IT’S hard to believe that there was once a time when Cork did not have a thriving farmers’ market scene.
The revival started in Cork with Midleton Farmers’ Market in 2000 after the tireless campaign of one Darina Allen who did, and still does, fervently believe in their necessity.
Since then, markets have popped up across Cork, some at the same place and time every week, all year around, rain or shine; others seasonal, while some happen just once a month.
Our own English Market and Coal Quay markets have seen a revival, albeit to varying degrees, as local people and visitors alike are drawn towards them as flag bearers of the city’s cultural identity. These pop-up centres of trade and moveable feasting are, however, more than just a tourist experience. For those that are found trading through hurricanes, downpours, snow and heatwaves, the market is a source of income, yes; but also, and more importantly, a community.
Gerald Kelleher, Gik to his friends, is the owner of Olives West Cork. His stalls are immediately recognisable for their wooden drums full of olives, pickles, dips, pesto’s and pastes. Olive oils, dried fruits, charcuterie and cheeses are all to be found gracing the table tops of his stall.
Since first opening at Bantry market in 2005, Gik and his team can now be found in 10 markets around Cork, (Bantry, Macroom, Clonakilty, Skibbereen, Bandon, Kinsale, Schull, Wilton, Douglas and Blackrock), and also in Limerick too.
“Markets are my business,” says Gik, “and I’ve built a way of life around them that I am passionate about. Markets are a community and build communities around them. They are a lifeblood in small towns, and it’s been shown over again that money spent locally stays in that region and is spent seven times over.”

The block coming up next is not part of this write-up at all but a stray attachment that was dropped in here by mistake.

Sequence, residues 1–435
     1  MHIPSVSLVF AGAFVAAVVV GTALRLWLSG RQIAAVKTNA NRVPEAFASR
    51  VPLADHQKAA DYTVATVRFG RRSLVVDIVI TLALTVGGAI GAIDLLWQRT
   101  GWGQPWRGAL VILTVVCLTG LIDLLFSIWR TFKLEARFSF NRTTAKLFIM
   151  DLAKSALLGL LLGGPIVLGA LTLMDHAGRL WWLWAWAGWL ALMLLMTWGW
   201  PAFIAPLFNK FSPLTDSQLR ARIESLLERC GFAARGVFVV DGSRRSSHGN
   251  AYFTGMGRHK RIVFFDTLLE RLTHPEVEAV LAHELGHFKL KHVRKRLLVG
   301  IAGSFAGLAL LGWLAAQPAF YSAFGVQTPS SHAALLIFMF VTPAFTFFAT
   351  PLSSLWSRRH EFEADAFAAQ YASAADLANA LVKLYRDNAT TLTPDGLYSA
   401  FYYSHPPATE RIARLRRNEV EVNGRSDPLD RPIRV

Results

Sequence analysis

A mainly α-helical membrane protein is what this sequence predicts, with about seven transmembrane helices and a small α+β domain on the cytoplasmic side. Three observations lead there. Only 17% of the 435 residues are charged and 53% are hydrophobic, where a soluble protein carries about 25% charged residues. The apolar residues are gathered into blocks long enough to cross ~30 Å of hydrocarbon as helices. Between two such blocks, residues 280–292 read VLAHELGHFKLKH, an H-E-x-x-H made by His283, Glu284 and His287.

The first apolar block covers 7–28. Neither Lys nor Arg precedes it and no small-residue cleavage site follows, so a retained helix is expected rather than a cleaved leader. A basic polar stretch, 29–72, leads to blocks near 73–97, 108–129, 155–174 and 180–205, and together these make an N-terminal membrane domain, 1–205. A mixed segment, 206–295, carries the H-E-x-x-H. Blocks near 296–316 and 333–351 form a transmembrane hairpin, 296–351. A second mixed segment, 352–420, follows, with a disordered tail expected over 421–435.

When speaking with Gik, it’s not hard to see that Olives West Cork and the farmers’ market community are inextricably linked. I guess it’s hard not to when the evidence of their value is plain to see from behind the market stall.
Gik set up his original market stall in 2005. From that initial base in Bantry, the trade has grown steadily as new markets and products are added.
For many years, Gik was also the Chairman of the Clonakilty Farmers’ Market during a period of time when the popularity of the 200- year-old market was resurgent.
“Local and artisan produce has gained momentum, but we shouldn’t lose sight of its value: the quality of the food we are eating, the regionality of both food and the economy.
“I sell cheese products from Macroom Buffalo Mozzarella — primarily because it’s an extremely high quality product that I want to champion, but also Johnny Lynch is a good friend of mine so I want to support him.”
That’s the Johnny Lynch occasionally seen riding Water Buffalo and chasing habit-clad Vespa-driving Nuns on our television screens!
“Small food businesses can launch themselves into the retail space with few overheads from the very beginning if they trade at a market,” says Gik. “The opportunity for small food producers to deal with the public, look them in the eye and get immediate feedback on their produce is essential. Producers may do this for up to two years while they tweak, re-tweak and get things right.”
Where producers are encouraged to skip that step and enter the mass retail sphere as soon as possible — maybe before they are even ready for it — is an annoyance to Gik, because, he says, it creates a perception that farmers’ markets are inconsequential.
“Not so much in Cork,” says Gik, “but Cork is not indicative of the rest of the country, and unfortunately something has to disappear before you miss it. Darina Allen knew that; she understood the value of markets and has never lost that vision.”